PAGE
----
WASHINGTON — Fearing that terrorists might target U.S. lawmakers en masse, the House of Representatives approved a bill yesterday to set up speedy special elections in the event that 100 or more of its members are killed.
In a 306-97 vote, the House put aside for now the larger issue of whether the U.S. Constitution should be amended to allow for temporary appointments in the event that an attack causes mass fatalities among lawmakers.
Judiciary committee chairman James Sensenbrenner, sponsor of the elections bill and a foe of appointments, said the House of Representatives “is rooted in democratic principles, and those principles must be preserved at all costs.”
It has been about 2½ years since the Sept. 11 attacks and the crash in Pennsylvania of United Flight 93, a plane that many believe was destined for the U.S. Capitol.
“Those passengers gave their lives to give us a second chance,” said Representative Brian Baird, a supporter of the broader constitutional approach.
“Eternal shame on us if we do not take action.”
The measure would require special elections within 45 days of the House Speaker confirming that a catastrophic event had left at least 100 of the 435 seats vacant.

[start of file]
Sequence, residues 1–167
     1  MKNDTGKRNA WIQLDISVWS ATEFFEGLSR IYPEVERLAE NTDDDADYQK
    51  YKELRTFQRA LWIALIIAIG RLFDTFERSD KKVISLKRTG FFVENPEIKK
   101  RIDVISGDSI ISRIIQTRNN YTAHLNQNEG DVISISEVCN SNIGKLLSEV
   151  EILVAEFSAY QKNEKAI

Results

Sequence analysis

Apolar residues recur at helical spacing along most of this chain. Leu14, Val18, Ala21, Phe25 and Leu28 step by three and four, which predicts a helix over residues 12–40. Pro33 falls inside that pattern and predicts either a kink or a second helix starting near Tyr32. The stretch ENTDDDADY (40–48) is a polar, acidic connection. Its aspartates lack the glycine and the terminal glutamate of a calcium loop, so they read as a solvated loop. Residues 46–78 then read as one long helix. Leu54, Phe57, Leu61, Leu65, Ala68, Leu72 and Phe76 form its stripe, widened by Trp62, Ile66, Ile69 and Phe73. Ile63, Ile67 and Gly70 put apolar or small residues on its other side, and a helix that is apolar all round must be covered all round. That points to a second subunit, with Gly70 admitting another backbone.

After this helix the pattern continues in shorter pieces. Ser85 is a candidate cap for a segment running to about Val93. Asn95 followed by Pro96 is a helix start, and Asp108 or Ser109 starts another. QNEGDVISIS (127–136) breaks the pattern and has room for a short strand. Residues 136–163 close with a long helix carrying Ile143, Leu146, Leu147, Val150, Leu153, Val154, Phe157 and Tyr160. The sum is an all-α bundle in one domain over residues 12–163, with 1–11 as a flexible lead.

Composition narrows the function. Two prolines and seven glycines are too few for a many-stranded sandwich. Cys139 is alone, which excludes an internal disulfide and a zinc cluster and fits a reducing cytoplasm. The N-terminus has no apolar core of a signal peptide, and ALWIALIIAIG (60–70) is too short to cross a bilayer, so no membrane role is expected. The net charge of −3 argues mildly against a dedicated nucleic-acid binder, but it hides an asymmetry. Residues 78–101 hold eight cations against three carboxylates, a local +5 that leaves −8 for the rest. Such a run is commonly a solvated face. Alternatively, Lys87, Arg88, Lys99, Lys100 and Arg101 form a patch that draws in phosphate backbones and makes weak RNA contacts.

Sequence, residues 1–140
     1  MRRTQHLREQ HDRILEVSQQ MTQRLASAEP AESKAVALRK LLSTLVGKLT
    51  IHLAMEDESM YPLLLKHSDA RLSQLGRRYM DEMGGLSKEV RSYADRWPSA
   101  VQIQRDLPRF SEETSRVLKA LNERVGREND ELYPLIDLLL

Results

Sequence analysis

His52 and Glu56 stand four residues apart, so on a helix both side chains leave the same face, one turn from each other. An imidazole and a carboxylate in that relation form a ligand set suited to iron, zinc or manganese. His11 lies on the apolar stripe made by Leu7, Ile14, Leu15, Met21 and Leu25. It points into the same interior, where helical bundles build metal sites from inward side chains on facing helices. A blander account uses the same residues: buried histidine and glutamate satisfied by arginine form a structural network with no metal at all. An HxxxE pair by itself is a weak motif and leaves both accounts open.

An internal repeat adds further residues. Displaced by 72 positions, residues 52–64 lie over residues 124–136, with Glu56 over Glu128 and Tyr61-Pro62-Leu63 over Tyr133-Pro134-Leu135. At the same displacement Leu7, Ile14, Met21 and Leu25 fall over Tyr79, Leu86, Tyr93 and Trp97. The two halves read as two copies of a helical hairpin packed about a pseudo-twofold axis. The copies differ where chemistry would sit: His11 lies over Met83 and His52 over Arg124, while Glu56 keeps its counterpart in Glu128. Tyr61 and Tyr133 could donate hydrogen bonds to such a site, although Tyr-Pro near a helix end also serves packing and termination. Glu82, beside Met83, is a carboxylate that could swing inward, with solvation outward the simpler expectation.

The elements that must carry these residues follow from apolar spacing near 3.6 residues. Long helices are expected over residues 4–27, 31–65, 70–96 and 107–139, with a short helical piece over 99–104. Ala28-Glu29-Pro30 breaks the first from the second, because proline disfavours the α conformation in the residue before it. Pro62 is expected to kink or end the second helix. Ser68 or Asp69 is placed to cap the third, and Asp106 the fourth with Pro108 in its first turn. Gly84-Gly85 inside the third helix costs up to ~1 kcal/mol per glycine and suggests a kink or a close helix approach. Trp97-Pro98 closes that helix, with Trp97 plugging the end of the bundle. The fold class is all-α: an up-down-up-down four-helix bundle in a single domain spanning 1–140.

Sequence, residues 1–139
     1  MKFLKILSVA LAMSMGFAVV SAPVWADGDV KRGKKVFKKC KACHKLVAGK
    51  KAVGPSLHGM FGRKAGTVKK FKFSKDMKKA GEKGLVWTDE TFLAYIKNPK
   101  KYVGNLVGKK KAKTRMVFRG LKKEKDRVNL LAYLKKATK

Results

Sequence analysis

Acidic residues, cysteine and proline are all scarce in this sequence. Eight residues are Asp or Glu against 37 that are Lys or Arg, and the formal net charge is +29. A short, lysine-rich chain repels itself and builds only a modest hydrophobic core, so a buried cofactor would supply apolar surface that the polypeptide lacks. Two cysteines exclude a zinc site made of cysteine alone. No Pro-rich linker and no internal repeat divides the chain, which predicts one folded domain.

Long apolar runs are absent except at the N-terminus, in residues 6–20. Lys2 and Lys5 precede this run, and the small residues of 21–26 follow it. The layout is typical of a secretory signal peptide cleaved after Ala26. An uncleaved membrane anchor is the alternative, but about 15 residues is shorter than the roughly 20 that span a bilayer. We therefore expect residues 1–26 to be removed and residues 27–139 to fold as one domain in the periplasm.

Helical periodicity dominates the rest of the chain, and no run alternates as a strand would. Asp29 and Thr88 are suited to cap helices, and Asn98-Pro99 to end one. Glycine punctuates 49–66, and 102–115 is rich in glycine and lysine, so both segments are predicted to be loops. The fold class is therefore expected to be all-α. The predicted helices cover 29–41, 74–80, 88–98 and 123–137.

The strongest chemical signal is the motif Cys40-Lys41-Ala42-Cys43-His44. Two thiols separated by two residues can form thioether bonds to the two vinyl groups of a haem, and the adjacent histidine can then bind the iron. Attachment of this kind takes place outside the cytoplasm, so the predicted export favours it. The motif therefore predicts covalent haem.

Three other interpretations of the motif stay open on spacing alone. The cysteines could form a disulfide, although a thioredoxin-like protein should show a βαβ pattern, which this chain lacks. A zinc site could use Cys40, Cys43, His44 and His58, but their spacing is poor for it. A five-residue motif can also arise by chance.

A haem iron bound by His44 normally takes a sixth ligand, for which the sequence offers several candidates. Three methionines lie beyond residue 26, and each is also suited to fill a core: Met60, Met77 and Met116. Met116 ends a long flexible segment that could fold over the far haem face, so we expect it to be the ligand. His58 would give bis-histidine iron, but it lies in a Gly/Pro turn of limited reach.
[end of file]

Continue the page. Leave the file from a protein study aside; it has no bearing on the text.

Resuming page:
Congress considered but never acted on the continuity question during the Cold War in the 1950s and 1960s, when there was fear that Washington could be obliterated in a nuclear attack.
The current legislation has split the two parties in the House, with many Democrats saying they were not given the chance to offer a constitutional amendment that would allow temporary appointments until special elections could be held.
Constitutional amendments require a two-thirds majority in both the House and Senate, and ratification by three-fourths of state legislatures.
Mr. Sensenbrenner said expedited elections could get the House back on its feet after a disaster without betraying the democratic underpinnings of the chamber.
As for the possibility of a largely appointed House, he asked: “Is that what the framers of the Constitution had in mind? . . . No way.”
Critics of the 45-day election plan said it is both too short a time for some states to prepare for an election and too long to leave Congress in a paralyzed state.